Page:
"... Science should be a guiding star for legislator rather than a mean of his enslavement. Contrary to the phrase "numeri regunt mundum" (numbers govern the world), the actuaries should always avoid the intention to dominate in the world of politics. Alike the heart is guided by causes unknown to the brain, the politics may be guided by causes unknown to the science. In his activity, legislator may be forced to obey to some reasons more important than just scientific accuracy; if he has to neglect sometimes the later, it is still important to conserve a clear understanding of the urged sacrifices to politics to minimize them and to come back to the right principles as soon as possible.
If the actuary will be satisfied by the role of such a decent and faithful adviser who manages without going in abstractions, who is condensed in his own profession rather than intrudes in other's, who advises without obtrusion, and who leaves to the time to prove correctness of his judgements which must be respected under the threat of sorrow consequences, his importance will be ever increasing. The parliament and administration will address to him for his professional expertise with more and more credence. Social laws, better elaborated and better supervised, will be free from bad consequences imminent when technical rules are neglected. The actuaries and the State will both benefit from that."
(Quoted from the article by Cheisson "Actuaries and Law", Insurance review, number 11, November 1897, p. 648-652; number 12, December 1897, p. 737-742.)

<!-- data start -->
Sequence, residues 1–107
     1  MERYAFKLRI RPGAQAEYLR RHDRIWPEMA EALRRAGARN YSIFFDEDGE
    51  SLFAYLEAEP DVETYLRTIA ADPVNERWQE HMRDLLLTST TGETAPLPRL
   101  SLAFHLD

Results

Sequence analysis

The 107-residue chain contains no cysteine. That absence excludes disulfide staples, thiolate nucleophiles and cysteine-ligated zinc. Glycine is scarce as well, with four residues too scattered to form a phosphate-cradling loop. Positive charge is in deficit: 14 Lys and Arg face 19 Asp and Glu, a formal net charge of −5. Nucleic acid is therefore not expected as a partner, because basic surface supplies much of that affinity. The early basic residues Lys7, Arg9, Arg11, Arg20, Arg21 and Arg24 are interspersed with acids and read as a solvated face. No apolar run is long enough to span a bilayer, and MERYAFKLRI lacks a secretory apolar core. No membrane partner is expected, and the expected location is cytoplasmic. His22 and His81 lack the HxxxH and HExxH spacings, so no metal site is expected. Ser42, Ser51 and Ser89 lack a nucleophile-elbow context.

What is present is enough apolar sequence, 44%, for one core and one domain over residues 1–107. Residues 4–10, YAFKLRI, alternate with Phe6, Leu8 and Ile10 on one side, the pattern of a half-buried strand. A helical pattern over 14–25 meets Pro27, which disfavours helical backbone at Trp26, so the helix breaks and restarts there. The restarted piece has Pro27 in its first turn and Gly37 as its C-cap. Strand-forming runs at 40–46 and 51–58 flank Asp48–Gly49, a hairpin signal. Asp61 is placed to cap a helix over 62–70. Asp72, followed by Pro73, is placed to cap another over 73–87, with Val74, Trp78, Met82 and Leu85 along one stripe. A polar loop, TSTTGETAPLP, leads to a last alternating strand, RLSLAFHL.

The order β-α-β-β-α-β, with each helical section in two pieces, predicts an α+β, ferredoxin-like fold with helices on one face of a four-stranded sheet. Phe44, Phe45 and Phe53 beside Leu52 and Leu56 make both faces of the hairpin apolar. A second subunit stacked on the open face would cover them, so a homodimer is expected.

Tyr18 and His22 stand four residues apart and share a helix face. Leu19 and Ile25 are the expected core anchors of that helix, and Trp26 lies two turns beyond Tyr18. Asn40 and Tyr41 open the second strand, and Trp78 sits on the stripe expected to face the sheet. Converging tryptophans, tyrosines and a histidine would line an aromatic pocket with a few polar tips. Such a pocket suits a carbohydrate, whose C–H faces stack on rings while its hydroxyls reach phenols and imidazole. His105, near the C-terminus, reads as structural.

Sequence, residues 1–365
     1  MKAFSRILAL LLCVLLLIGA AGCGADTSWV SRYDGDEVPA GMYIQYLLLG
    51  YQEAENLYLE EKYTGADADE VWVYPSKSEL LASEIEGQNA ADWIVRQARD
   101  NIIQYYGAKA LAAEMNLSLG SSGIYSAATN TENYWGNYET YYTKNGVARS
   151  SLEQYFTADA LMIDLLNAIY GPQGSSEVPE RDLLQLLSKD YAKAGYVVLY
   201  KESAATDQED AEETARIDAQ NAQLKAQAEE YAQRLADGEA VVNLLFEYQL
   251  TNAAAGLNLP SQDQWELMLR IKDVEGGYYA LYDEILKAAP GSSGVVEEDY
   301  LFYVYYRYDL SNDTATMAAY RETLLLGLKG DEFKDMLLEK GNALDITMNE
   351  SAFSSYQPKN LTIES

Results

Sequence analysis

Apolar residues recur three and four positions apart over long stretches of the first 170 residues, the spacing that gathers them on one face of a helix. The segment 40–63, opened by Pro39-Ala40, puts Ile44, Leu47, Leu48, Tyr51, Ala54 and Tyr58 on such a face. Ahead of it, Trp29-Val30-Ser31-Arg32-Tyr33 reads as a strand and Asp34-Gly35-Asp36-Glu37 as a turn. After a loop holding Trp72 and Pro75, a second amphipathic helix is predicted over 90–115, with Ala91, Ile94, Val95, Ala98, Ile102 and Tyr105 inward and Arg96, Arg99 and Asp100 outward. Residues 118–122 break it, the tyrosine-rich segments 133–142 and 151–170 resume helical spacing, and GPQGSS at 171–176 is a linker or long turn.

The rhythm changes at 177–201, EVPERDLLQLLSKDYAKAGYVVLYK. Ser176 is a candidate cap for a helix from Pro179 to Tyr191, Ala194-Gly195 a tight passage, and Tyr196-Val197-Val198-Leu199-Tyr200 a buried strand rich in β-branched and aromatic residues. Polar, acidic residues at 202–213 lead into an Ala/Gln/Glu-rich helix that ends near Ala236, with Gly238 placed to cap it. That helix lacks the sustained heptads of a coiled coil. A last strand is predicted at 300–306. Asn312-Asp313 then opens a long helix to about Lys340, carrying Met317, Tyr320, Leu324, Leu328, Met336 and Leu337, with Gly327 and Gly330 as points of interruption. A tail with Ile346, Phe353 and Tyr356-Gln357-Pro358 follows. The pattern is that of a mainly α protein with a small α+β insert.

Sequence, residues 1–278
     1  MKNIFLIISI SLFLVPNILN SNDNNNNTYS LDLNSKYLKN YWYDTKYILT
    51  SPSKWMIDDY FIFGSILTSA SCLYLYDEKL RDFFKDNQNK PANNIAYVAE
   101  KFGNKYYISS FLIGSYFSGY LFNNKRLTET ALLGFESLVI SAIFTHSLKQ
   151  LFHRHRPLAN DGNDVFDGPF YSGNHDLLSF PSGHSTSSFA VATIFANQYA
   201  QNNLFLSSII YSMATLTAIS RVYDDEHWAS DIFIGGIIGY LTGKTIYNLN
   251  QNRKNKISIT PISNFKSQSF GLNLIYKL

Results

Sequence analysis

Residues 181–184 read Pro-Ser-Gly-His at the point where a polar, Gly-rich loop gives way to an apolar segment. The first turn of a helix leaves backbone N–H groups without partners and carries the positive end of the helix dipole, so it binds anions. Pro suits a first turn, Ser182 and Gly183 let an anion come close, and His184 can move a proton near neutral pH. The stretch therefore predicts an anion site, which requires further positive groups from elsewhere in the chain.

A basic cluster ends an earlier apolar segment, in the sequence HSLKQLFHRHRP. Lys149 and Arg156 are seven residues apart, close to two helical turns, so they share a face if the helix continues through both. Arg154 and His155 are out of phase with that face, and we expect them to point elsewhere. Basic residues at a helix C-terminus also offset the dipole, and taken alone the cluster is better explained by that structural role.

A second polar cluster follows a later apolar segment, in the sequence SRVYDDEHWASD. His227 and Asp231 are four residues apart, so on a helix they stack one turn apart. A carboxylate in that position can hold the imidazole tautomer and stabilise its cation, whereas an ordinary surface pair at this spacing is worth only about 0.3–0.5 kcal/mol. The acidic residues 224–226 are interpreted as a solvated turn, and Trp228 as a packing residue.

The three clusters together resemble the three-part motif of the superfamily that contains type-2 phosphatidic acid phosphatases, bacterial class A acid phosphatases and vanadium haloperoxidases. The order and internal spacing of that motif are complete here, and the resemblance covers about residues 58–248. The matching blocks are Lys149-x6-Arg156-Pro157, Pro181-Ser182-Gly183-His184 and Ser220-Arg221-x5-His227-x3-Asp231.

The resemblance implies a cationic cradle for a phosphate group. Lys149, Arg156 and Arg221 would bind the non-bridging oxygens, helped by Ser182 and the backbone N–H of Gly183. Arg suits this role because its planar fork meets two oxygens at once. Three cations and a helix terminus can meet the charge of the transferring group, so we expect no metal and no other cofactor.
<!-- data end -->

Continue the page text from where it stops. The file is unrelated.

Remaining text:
The author is Fellow of the Institute of French Actuaries. The reader interested in harmonization of the modern insurance and pension legislation will find that this article, though written in 1890th, is quite update.
The article is published as Addendum 1 to the book: S.E.Sawitch. Elementary Theory of Insurance and Pensions (in Russian); first ed. 1900, second ed. 1909.
International Actuarial Association (IAA) unites the national professional bodies. The site of IAA is www.actuaries.org.
One aim of IAA, among others, is to support the scientific and practical contacts among the national professional unions. Bearing in mind that aim, the International Congresses of Actuaries are held regularly by IAA (it is noteworthy that IAA appeared first as a Permanent Committee for organization of the Congresses).
By the present time, 27 International Congresses of Actuaries were held: first in 1895 in Brussels, second in 1898 in London, third in 1900 in Paris, fourth in 1903 in New York, fifth in 1906 in Berlin, sixth in 1909 in Wien, seventh in 1912 in Amsterdam, eight in 1927 in London, ninth in 1930 in Stockholm, tenth in 1934 in Rome, eleventh in 1937 in Paris, thirteenth in 1951 in Scheweningen, fourteenth in 1954 in Madrid, fifteenth in 1957 in New York, sixteenth in 1960 in Brussels, seventeenth in 1964 in London and Edinburgh, eighteen in 1968 in Munich, nineteenth in 1972 in Oslo, twentieth in 1976 in Tokyo, twenty-first in 1980 in Zurich and Lausanne, twenty-second in 1984 in Sydney, twenty-third in 1988 in Helsinki, twenty-fourth in 1992 in Montreal, twenty-fifth in 1995 in Brussels, twenty-sixth in 1998 in Birmingham, twenty-seventh in 2002 in Cancun.
The Congress in St.-Petersburg was planned to held in 1915, but it was cancelled because of WWI; twelfth Congress was planned to held in 1940 in Lucerne. but it was cancelled because of WWII; the articles presented for the twelfth Congress were published.
Forthcoming Congress is to be held in 2006 in Paris (http://www.ica2006.com/) .